The Gut Microbiome: New Understanding and Potential Translational Applications for Disease Management
ACG Past President Dr. David Johnson is the editor of a new book on the gut microbiome and human health.
About the book from Nova Publishers: “The gastrointestinal (GI) tract is home to trillions of microorganisms and contains more genetic information than that which exists in the human genome. It is, in fact, the largest immune system in the body. Study of the GI tract microbiome and its influence on both health and disease states have demonstrated the importance in maintaining health.
The microbiome has a significant role in the assembly of micronutrients and vitamins and immune system processing. Recently, there has been a focus on the cross-talk between gut immunity and the host microbiome and the subsequent effect of this interaction on a broad range of diseases. The application of next-generation sequencing technologies to the study of human-associated microbial communities has markedly advanced our understanding of these effects. Changes in human-associated microbial communities have been implicated in the etiology and increased incidence of ever growing chronic conditions including obesity, diabetes, and inflammatory bowel disease. Although recognizably understanding the full spectrum of the role of the “gut microbiome” in health and disease is still in a relative infant states, it is clear that our bacterial flora play a much larger role in systemic diseases than previously appreciated.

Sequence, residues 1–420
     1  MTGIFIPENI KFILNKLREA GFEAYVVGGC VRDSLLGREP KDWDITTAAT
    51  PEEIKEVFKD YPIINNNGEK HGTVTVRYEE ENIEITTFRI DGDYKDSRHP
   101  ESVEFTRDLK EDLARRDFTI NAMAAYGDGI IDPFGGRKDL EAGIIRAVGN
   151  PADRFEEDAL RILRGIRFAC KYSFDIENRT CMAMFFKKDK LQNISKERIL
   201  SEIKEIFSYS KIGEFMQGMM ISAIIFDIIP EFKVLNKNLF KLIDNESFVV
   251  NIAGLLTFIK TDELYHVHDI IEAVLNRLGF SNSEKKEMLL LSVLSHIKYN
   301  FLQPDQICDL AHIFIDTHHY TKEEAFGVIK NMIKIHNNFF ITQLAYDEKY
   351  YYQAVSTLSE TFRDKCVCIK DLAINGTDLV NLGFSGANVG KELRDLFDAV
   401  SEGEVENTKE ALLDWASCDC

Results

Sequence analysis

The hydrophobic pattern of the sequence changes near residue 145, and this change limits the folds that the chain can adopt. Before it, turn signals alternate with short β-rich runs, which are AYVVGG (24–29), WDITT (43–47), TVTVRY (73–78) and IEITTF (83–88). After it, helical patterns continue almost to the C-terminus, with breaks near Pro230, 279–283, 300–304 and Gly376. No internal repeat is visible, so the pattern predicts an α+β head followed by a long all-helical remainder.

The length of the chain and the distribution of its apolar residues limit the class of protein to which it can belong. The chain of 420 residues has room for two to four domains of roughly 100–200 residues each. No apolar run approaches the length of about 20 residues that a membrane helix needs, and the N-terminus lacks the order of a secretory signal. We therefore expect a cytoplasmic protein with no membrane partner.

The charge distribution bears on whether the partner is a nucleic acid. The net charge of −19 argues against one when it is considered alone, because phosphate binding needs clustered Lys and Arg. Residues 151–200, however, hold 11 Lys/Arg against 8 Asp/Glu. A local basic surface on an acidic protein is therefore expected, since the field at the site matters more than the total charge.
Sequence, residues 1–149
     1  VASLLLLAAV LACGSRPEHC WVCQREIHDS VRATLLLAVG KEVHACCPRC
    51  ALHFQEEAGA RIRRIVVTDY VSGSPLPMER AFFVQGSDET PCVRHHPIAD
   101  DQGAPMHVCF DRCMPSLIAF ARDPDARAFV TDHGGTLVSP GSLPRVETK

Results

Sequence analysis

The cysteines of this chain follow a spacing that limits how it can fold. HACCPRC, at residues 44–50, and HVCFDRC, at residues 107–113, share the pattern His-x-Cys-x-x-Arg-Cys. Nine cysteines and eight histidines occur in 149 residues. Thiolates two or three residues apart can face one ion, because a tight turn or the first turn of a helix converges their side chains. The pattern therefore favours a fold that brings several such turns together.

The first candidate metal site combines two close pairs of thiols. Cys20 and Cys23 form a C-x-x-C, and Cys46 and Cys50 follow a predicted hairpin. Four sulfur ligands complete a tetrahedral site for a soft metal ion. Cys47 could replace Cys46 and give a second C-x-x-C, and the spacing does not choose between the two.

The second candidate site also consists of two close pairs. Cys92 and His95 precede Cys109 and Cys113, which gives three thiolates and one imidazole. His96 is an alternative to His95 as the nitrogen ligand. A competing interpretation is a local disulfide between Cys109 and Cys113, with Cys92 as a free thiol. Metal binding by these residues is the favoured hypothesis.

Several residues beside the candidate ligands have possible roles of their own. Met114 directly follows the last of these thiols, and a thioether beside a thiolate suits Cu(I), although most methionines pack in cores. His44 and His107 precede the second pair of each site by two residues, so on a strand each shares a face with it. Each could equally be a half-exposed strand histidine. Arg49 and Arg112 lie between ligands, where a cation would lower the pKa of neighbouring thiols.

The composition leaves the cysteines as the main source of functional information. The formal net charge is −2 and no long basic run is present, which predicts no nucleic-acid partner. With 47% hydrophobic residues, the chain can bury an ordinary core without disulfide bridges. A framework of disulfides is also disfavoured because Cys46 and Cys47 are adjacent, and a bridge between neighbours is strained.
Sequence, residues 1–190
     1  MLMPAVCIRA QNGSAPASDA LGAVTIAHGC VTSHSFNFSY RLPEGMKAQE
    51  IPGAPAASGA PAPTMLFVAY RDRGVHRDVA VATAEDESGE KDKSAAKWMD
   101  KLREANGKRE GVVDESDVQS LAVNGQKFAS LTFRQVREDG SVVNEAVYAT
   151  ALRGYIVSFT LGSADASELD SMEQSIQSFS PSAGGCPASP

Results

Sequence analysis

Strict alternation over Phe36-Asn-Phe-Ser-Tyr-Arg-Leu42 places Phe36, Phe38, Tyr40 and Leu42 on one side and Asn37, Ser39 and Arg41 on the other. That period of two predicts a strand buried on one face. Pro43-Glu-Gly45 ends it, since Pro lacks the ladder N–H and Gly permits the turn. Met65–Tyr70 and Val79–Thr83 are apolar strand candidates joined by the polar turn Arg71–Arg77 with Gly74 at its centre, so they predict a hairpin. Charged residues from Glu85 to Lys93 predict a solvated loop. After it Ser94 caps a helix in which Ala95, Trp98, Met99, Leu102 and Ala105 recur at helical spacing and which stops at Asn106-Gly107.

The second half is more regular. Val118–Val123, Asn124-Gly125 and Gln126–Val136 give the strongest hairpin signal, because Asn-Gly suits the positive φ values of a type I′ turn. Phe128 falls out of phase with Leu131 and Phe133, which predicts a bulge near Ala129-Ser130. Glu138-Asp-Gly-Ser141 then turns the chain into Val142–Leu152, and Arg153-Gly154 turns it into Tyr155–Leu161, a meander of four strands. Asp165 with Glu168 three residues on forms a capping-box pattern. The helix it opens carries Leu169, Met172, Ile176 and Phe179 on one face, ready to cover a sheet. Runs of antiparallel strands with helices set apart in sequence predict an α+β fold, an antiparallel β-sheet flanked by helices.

Healthcare for disease management has typically focused on specific therapy with pharmacologic, device or surgical intervention. As we further expand our understanding of the importance of gut microbiome, it is certain that we will see major changes to disease management strategies. Presently, we can see “footprints” of specific bacterial shifts in healthy ones versus those with a disease. Whether shifting the bacteria colonization away from the perceived imbalance in disease, will modify the disease expression remains to be seen.
Clearly in the next decade, we will see profound changes in the way we approach current disease intervention/prevention. The intent of the authors of this book is to provide the most current assessment and analysis of what will likely in the coming decade to be the most exciting expansion in a new understanding of complex relationships of disease pathophysiology as well as therapeutic options for therapy. Additionally, it is the intent not to provide specific answers, but rather hopefully push clinicians to “think outside of the box” and raise great questions to direct research and/or translational therapies for redefining and optimizing “best practice” treatment strategies for our patients!”
(Imprint: Nova Biomedical)